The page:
Nursing home staff in New York must now sign a waiver if they REFUSE the vaccine, as it’s revealed only half have got shots
- Those living and working in New York’s state nursing homes will be offered the COVID vaccine after it was revealed only 56 percent of staff in NYC have had it
- It’s not clear why only half of workers in the city have had the vaccine given how badly affected nursing homes were during the early stages of the pandemic
- Some healthcare workers are refusing because they are ‘afraid to take it’
- Anyone refusing from now on will need to sign papers acknowledging opt out
- Across the state, 80 percent of nursing home residents have been vaccinated while 73 percent in the city have received the injection
- At least 12,000 nursing home residents died during 2020 due to the virus across the state’s 600 nursing homes
Nursing home staff in New York will have to sign a contract stating they refuse the coronavirus vaccine if they want to continue working under new rules, as its revealed only half of employees are vaccinated.
The New York Department of Health is urging all homes to offer ‘an opportunity to receive the jab to all consenting residents and staff’ before the end of April.
‘They’re trying to get people vaccinated and they’re trying to incentivize it,’ said Michael Balboni, the Executive Director of Greater New York Health Care Facilities Association to the New York Post.
Across New York State, less than two-thirds of workers in nursing home facilities have received the shot since December. Within New York City’s five boroughs, only 56 percent of staff have had the jab.
It’s not clear why so few healthcare workers in the city have had the vaccine given how badly affected nursing homes were during the early stages of the pandemic. Some healthcare workers are said to be refusing because they are ‘afraid’ to take it.
Those workers and residents who decide not to receive the injection will have to sign paperwork stating that they are declining receiving the vaccine. Facilities that don’t comply could be hit with a $2,000 fine per violation.
Those living and working in New York’s state nursing homes will be offered the COVID vaccine after it was revealed only 56 percent of staff in NYC have had it
Some healthcare workers are refusing to take the vaccine because they are ‘afraid to take it’. Anyone refusing from now on will need to sign papers acknowledging they have opt out. Pictured, Gerard Diebner administers the COVID-19 vaccine to a nursing home resident at Harlem Center for Nursing and Rehabilitation, a nursing home facility, in Harlem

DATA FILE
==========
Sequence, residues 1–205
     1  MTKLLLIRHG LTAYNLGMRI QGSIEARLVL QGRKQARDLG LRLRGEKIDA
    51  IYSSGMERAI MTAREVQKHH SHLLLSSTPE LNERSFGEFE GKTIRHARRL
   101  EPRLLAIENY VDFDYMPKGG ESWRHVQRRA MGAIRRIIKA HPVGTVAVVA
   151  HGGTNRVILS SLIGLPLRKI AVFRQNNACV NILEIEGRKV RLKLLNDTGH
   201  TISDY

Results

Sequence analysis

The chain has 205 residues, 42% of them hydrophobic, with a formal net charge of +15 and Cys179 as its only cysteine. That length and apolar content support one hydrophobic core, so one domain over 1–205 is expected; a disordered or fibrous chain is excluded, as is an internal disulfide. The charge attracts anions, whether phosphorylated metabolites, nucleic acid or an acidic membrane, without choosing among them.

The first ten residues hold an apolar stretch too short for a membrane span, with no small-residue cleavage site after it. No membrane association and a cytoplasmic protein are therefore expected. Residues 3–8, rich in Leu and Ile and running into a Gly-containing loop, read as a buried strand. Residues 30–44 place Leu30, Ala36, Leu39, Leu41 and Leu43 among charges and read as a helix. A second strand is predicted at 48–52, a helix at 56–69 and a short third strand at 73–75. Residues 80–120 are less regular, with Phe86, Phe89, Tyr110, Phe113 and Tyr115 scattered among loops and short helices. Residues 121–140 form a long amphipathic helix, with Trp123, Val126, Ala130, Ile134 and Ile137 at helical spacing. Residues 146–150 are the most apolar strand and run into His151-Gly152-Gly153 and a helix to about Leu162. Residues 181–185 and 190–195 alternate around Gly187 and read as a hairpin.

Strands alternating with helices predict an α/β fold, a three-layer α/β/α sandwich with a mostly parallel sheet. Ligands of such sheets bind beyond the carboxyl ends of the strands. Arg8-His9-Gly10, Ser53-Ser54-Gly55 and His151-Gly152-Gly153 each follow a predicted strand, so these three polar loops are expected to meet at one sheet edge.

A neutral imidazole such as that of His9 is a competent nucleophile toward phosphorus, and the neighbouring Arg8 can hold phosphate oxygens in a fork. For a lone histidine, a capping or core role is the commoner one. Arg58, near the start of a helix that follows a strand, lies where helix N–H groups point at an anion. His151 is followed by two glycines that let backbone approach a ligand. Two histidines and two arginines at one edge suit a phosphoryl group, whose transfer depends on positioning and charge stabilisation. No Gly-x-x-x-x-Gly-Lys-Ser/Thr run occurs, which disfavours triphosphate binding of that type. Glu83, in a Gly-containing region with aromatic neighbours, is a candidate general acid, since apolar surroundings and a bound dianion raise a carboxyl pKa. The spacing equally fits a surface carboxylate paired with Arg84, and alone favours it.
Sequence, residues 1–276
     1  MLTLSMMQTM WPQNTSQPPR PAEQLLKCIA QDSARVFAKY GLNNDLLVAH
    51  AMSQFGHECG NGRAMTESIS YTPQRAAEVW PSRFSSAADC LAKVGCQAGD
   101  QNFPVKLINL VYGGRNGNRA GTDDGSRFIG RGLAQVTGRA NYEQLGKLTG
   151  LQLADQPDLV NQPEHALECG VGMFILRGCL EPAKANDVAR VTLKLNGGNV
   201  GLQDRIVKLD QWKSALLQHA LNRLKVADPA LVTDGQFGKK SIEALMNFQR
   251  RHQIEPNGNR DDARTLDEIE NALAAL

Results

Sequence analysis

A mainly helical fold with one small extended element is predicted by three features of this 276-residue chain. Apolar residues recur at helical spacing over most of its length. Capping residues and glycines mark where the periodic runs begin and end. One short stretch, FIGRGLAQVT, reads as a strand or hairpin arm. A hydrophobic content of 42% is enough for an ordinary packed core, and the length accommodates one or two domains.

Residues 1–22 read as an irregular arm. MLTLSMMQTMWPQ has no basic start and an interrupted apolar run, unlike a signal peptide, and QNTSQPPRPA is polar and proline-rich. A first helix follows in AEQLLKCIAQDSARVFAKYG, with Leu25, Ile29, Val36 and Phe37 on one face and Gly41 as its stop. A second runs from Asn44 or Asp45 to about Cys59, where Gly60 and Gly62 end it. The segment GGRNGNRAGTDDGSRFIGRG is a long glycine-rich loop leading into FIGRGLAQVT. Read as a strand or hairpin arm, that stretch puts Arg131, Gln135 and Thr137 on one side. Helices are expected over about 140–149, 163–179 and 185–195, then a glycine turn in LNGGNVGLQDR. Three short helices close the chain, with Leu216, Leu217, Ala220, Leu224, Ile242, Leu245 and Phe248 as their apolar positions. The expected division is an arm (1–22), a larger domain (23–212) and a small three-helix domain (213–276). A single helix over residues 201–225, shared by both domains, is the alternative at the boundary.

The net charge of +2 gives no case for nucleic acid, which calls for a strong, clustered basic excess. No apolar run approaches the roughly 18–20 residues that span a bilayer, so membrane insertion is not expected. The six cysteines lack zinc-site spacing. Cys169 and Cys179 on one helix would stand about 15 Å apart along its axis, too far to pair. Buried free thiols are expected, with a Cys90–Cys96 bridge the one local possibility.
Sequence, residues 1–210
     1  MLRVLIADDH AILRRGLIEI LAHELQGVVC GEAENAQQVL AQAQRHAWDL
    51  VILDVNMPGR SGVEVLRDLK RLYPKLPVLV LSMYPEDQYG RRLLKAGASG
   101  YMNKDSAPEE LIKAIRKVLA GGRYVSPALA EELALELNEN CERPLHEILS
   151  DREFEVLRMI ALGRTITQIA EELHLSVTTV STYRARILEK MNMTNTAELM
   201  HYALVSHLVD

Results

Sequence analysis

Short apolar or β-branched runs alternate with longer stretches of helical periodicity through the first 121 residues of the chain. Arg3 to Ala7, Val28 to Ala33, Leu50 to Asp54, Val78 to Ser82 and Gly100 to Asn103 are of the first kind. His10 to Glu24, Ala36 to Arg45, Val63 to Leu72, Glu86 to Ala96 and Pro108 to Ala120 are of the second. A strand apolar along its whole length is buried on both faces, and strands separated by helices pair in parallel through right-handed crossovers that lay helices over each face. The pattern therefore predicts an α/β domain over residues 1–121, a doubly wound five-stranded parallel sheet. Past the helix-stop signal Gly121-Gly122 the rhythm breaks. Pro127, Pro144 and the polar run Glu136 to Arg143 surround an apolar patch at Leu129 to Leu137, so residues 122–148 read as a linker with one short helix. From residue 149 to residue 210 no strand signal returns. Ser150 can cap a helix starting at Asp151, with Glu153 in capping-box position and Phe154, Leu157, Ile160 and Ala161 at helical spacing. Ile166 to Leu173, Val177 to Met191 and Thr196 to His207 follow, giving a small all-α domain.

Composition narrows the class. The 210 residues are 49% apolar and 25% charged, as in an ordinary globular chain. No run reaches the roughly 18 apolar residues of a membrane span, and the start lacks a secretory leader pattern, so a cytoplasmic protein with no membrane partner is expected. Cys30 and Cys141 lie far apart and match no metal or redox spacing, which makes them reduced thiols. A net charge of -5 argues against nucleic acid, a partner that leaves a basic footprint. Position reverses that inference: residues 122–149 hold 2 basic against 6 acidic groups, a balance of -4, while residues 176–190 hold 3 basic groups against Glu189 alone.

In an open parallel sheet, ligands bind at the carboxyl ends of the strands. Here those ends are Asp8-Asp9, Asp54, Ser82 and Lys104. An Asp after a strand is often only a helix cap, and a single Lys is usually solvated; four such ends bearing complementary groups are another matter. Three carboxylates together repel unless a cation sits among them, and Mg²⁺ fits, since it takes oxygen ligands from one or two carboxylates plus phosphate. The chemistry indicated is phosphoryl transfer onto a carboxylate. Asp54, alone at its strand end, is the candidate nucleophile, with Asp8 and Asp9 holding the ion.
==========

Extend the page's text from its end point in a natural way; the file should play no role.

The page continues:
Meanwhile, 80 percent of nursing home residents in the state have been vaccinated while 73 percent in the city have received the injection.
‘The residents aren’t the problem, it’s really the low vaccination rates with the staff,’ Balboni said.
‘There are healthcare workers who are afraid to take the vaccine, period. How do you convince them that this is in the best interest for themselves and their families? It’s something that everybody is still trying to figure out.’
A spokesperson from the Department of Health has said that ’emergency’ regulations are now required in order to make sure that no vaccines are not going to waste.
‘Nursing home operators have known all along that a COVID vaccine is one of the best ways to protect residents and staff from this dangerous virus.
Thelma Manner, left, and her table mate Marilyn Schoenberger, right, talk during dinner at RiverWalk, an independent senior housing facility, in New York, Thursday, April 1, 2021. Since the start of the pandemic, residents had been dining in their rooms. Only recently have they began to use the dining hall again, although they still maintain social distance
‘Inexplicably, numerous nursing homes are letting vaccine doses sit on shelves, and that’s why DOH recently enacted emergency regulations requiring nursing homes to offer all consenting, unvaccinated, existing and new personnel and residents an opportunity to get vaccinated.’
A 14 day rule is to be introduced for those who begin working in a new job in nursing homes they are to be offered the opportunity to be inoculated.
A source told the Post that part of the problem is that many of the nursing facilities are having difficulty getting hold of the vaccine making a two-week enforcement rule hard to stick to.
‘It’s just another example of the state going off on its own without talking to anyone who runs a nursing home,’ the source said.
‘There’s just a whole lack of communication, this whole thing, why would you roll this out and never talk to the nursing homes?’ they said.
More than half the population of U.S. has now received one dose of the COVID-19 vaccine